Jeremy Piven's High Mercury Count: FAQ
Piven's Doctor Answers Questions About Actor Jeremy Piven's High Mercury Levels
WebMD News Archive
Dec. 18, 2008 -- Actor Jeremy Piven has ended his role in the Broadway revival of the David Mamet play Speed-the-Plow after being diagnosed with a "high mercury count."
Mercury is an element found throughout the environment. High levels of exposure to mercury can harm the brain, heart, kidneys, lungs, and immune system of people of all ages, especially fetuses, according to background information from the Environmental Protection Agency (EPA).
WebMD spoke with Carlon Colker, MD, FACN, FACSM, who is treating Piven. Colker is the chief executive officer and medical director of Peak Wellness Inc. in Greenwich, Conn., and Beverly Hills, Calif.
Does Piven have mercury poisoning?
"The word poisoning implies some surreptitious act, like we poison rats," Colker tells WebMD. "The proper term is mercury toxicity. And the answer is 'yes' to mercury toxicity."
Colker says Piven's original mercury level was "shockingly elevated" at nearly six times the upper tolerable limit and the highest Colker had ever seen in his practice.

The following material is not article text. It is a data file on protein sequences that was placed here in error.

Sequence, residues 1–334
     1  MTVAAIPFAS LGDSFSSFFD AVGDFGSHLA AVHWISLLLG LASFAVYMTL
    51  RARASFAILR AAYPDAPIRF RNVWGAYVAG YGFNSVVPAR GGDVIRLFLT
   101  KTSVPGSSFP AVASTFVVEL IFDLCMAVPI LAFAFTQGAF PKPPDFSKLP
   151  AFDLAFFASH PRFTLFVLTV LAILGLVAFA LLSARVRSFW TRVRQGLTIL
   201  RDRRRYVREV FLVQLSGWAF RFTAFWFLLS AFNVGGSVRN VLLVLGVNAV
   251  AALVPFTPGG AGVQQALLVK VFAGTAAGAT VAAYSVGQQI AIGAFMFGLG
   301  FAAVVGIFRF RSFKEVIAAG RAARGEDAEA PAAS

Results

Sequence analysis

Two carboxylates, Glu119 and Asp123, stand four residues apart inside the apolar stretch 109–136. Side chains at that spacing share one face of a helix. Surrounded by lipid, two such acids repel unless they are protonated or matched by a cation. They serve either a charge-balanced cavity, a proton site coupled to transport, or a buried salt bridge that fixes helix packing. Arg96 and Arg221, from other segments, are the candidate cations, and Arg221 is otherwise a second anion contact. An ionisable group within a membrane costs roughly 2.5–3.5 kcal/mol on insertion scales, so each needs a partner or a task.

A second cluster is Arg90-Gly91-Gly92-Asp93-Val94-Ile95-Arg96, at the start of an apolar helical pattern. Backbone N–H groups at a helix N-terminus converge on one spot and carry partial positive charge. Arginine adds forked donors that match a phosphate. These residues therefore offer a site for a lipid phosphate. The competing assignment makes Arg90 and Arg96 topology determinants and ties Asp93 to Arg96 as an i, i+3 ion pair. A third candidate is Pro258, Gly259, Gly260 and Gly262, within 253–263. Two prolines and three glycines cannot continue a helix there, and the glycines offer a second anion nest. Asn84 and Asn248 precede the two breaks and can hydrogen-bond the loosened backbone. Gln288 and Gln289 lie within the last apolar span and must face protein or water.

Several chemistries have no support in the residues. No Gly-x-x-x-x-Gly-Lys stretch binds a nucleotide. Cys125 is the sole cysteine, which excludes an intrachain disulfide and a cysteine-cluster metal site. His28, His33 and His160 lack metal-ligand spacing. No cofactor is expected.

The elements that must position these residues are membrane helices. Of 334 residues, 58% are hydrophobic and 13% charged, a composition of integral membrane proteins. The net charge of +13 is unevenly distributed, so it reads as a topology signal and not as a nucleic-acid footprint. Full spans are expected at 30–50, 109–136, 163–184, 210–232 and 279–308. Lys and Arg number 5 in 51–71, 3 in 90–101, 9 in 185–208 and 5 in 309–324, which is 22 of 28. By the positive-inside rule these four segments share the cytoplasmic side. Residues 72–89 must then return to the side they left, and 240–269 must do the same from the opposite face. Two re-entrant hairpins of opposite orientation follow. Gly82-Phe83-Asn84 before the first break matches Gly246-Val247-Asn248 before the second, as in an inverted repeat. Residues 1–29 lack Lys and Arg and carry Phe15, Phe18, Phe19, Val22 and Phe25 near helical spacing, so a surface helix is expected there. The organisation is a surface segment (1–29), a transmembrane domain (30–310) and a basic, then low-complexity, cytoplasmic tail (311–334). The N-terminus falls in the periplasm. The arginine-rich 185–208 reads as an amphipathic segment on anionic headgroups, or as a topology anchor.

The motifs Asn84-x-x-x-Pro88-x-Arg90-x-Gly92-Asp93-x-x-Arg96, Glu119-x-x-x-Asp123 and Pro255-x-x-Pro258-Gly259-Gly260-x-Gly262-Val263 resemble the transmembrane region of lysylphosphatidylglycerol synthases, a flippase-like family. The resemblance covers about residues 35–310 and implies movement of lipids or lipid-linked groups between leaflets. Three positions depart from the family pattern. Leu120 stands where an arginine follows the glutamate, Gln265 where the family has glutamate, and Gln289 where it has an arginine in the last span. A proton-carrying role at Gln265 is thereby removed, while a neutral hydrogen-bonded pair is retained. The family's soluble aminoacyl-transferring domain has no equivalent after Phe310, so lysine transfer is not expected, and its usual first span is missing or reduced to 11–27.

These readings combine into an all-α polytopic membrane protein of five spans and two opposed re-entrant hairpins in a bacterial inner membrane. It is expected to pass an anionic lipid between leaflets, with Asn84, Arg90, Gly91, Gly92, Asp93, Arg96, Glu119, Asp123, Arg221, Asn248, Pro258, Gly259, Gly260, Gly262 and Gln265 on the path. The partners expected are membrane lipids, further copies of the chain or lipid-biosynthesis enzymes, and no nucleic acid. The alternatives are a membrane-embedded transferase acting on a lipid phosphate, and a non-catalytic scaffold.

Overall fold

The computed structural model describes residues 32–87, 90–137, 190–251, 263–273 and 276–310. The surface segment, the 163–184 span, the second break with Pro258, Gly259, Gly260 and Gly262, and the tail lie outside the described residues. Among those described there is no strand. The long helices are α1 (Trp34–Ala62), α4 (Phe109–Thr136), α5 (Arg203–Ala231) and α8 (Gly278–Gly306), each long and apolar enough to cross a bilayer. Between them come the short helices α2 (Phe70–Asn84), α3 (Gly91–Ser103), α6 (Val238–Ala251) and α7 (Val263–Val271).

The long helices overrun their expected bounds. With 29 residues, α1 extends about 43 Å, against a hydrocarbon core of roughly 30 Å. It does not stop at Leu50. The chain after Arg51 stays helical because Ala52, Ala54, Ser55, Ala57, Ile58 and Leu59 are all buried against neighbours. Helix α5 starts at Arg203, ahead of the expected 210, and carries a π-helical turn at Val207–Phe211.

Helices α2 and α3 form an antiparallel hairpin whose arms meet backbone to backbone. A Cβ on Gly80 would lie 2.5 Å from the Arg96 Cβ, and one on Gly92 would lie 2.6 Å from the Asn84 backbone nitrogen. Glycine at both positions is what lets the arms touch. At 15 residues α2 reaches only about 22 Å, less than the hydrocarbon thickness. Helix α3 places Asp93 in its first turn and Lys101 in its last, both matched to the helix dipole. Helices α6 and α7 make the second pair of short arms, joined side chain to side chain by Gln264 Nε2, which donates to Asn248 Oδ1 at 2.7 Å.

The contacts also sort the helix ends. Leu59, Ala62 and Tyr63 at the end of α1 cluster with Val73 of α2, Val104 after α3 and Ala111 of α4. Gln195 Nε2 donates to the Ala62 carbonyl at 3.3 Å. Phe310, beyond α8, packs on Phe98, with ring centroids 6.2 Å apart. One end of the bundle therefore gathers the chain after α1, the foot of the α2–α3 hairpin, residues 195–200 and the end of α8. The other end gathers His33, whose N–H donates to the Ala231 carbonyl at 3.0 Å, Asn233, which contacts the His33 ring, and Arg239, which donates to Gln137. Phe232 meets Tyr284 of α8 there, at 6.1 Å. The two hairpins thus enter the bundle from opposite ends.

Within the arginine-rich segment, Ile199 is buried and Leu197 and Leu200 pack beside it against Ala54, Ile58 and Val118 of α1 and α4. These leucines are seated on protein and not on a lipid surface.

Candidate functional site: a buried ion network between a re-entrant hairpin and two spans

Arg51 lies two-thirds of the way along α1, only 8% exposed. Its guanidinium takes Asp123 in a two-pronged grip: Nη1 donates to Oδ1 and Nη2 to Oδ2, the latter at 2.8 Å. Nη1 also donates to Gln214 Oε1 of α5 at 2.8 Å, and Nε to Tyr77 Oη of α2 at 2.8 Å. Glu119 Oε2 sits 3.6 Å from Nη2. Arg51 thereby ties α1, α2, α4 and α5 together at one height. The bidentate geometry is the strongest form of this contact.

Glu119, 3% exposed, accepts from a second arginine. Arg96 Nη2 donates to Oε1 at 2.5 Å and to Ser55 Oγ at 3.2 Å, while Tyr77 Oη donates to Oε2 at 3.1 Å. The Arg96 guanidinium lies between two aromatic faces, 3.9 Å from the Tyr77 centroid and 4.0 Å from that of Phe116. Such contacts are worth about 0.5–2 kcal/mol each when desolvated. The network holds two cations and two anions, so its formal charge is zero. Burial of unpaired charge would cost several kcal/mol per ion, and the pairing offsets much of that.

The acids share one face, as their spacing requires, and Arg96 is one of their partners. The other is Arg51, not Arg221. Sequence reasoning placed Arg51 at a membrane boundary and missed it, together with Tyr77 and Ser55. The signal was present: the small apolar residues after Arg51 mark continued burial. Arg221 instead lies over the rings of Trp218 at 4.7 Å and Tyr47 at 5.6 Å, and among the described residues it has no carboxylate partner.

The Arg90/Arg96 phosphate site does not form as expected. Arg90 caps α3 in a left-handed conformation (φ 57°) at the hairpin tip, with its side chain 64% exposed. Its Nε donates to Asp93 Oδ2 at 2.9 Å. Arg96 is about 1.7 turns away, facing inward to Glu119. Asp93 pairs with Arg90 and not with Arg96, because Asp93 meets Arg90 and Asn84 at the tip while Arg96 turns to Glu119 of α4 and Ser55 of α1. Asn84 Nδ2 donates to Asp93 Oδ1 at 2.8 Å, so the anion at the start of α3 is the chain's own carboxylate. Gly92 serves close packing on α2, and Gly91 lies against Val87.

"You can imagine how stunned I was," Colker says.
What were Piven's symptoms?
Colker says Piven's symptoms started with "extreme fatigue and exhaustion" that began around the time Speed-the-Plow started. Colker says Piven didn't want to quit the show at that point, but his symptoms progressed to "profound neuromuscular weakness ... dizziness and nausea," says Colker.
At that point, Colker hospitalized Piven for three days at an unnamed hospital and brought in a cardiologist and neurologist who agreed with Colker's approach. Colker says the cardiologist checked on Piven's heart rhythm, which is now normal, and recommended "enforced rest" for Piven "because he knows Jeremy would crawl back to that stage if he could," Colker says. Piven is no longer in the hospital.